Watch No 8 - blank. Did see a Mountain Weasel by the camp this morning. It was much colder when we surfaced from the tents at 5.15am and feeling grubby! The anticipation is mounting as we only have 3 more days here to find this damn elusive Snow Leopard. I’ve been sleeping better and we are all getting more used to camp life. It’s extremely dry and quite dusty here but much better than camping in the peak Leopard viewing months of February & March (in my opinion) when for me the cold (down to -30 degrees centigrade) would be unbearable. Still, I’m optimistic about our chances, although the fear of dipping is putting a cloud over the whole experience. Where the hell is this Leopard?
The crew brought breakfast up to us at the watch point above camp and the meal was again excellent. Then the 4 of us walked up the valley towards Yurutse but only got as far as the second valley. It was only to relive the boredom really and to get some exercise. Anyway, we were glad to get some distant Tibetan Partridges and 2 pairs of Guldenstadt’s (White-winged) Redstarts this morning. Most of the birds one would expect to see later in the year have not returned from their breeding grounds much higher up the mountains yet. Oh and I’ve forgot to mention we’ve had some rodents running over our bags that are stashed in the tent annexe directly behind my head when I’m sleeping, and they make quite a noise! And we all had a lovely bucket wash as well, so now we are feeling great!
|Camp life goes on....|
So we began Watch No 9 at 3.15pm. All of this time I’ve been wanting somebody to shout out “I’ve got the Leopard”. Well at 4.10pm it was me! I scanned a distant hillside about a kilometre away and panned the scope across a rocky outcrop and then panned back as something caught my eye. I looked at a pale blob for a minute when all of a sudden a head turned and I was looking at the head of the fabled Snow Leopard. I calmly said: I have got it, I’ve got a Snow Leopard”.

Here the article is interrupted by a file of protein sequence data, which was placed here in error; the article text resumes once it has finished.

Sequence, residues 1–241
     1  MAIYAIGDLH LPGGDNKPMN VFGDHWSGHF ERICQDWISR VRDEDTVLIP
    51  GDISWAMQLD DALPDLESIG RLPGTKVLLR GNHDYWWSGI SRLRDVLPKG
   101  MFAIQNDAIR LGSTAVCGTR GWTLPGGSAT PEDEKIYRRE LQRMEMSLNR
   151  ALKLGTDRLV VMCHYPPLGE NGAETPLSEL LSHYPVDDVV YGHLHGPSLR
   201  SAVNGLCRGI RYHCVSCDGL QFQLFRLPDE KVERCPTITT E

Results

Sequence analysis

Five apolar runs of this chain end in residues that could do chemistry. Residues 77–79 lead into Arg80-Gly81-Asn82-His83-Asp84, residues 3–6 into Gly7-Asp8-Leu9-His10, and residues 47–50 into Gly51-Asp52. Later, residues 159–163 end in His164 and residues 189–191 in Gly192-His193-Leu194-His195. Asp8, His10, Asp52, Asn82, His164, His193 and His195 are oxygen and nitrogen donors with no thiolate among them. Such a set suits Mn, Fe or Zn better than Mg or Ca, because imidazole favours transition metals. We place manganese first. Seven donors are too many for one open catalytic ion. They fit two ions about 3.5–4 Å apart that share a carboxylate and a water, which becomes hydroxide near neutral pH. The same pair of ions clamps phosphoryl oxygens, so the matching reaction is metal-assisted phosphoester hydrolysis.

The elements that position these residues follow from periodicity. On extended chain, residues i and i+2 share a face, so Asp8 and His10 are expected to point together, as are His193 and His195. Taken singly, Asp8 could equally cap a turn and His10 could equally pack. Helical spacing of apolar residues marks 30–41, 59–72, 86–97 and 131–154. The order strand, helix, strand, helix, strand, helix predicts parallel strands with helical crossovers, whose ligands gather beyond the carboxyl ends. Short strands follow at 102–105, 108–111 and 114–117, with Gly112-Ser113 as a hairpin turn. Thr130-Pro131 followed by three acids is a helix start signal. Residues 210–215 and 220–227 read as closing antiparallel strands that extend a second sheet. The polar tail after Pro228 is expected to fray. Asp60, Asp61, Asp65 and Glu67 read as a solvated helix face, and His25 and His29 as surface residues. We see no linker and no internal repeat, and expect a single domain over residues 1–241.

|Just spotted the Snow Leopard|
Then all hell broke loose as directions were given and I put the other scopes on the beast. And I didn’t even swear! With everyone on it I walked behind them and punched the air like Jurgen Klopp in celebration. Oh the relief! Then we were shaking hands and bear hugs all round. I then frantically tried to phonescope some images but the heat haze and distance made it impossible to obtain anything good, but the video through the iPhone worked ok and is better than nothing. After 15 minutes the Snow Leopard got up and we could see the whole body and the extraordinary long tail. It walked slowly along an open area between some large rocks, then downhill a bit before climbing up a steep section of rockface, scratched in a bare earthy area before walking off across a grassy slope and over the ridge – never to be seen again by us. Wow!
In all it had been on view for 20 – 25 minutes and I couldn’t believe we had finally seen it. The jubilation, the excitement, tremendous high of finally catching up with the Grey Ghost of the Himalayas. I haven’t got the words! We did scoot up the valley to try and relocate it but that was a waste of time. So we returned to camp, celebrated, then celebrated some more. The Godfather beer tasted quite good tonight!
|Let the celebrations begin...!|